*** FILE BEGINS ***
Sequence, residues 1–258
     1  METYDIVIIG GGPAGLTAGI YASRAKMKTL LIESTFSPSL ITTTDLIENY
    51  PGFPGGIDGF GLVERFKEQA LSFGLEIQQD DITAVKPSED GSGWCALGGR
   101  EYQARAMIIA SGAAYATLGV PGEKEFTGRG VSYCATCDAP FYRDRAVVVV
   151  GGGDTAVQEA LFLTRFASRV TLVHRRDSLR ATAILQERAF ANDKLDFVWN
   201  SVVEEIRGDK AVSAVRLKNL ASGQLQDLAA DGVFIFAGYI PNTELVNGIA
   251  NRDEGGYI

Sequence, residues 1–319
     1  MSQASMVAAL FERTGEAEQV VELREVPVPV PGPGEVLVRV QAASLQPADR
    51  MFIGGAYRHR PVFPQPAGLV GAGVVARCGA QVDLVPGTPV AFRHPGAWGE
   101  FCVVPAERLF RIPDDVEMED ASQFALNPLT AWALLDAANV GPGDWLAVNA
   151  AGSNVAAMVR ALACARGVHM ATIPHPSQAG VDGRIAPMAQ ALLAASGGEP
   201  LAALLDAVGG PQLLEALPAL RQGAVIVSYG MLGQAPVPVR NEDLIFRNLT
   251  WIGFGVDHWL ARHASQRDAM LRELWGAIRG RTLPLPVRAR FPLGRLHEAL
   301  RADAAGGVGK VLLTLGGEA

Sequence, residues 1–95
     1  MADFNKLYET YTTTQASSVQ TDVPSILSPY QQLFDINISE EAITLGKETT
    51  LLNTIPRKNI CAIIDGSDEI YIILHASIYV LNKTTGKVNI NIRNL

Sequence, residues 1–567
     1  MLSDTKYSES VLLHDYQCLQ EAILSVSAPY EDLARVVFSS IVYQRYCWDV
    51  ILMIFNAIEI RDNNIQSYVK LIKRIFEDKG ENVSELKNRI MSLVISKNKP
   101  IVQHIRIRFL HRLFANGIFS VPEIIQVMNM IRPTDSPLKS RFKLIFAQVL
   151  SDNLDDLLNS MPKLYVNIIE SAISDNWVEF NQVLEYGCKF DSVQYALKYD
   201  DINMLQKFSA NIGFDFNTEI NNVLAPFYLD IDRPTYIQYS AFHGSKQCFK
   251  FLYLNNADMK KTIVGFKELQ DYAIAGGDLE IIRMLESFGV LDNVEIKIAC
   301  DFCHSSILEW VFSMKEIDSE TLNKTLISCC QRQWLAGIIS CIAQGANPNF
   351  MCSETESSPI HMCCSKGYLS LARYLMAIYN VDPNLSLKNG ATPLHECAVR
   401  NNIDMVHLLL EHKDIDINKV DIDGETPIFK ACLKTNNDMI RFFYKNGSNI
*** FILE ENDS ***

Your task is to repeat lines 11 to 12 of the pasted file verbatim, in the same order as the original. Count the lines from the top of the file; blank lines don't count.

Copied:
   101  FCVVPAERLF RIPDDVEMED ASQFALNPLT AWALLDAANV GPGDWLAVNA
   151  AGSNVAAMVR ALACARGVHM ATIPHPSQAG VDGRIAPMAQ ALLAASGGEP